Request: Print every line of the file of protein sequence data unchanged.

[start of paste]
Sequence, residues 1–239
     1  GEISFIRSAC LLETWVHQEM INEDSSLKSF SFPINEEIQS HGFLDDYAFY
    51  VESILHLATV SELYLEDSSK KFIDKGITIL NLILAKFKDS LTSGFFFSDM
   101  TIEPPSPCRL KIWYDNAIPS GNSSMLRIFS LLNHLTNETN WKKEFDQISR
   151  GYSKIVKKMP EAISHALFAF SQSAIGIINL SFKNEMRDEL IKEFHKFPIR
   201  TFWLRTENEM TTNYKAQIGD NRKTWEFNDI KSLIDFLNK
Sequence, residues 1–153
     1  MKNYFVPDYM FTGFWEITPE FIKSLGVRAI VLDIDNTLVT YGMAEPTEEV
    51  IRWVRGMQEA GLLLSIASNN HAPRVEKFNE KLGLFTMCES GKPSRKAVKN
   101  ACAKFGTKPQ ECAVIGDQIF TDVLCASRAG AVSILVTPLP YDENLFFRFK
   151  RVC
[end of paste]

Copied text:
Sequence, residues 1–239
     1  GEISFIRSAC LLETWVHQEM INEDSSLKSF SFPINEEIQS HGFLDDYAFY
    51  VESILHLATV SELYLEDSSK KFIDKGITIL NLILAKFKDS LTSGFFFSDM
   101  TIEPPSPCRL KIWYDNAIPS GNSSMLRIFS LLNHLTNETN WKKEFDQISR
   151  GYSKIVKKMP EAISHALFAF SQSAIGIINL SFKNEMRDEL IKEFHKFPIR
   201  TFWLRTENEM TTNYKAQIGD NRKTWEFNDI KSLIDFLNK
Sequence, residues 1–153
     1  MKNYFVPDYM FTGFWEITPE FIKSLGVRAI VLDIDNTLVT YGMAEPTEEV
    51  IRWVRGMQEA GLLLSIASNN HAPRVEKFNE KLGLFTMCES GKPSRKAVKN
   101  ACAKFGTKPQ ECAVIGDQIF TDVLCASRAG AVSILVTPLP YDENLFFRFK
   151  RVC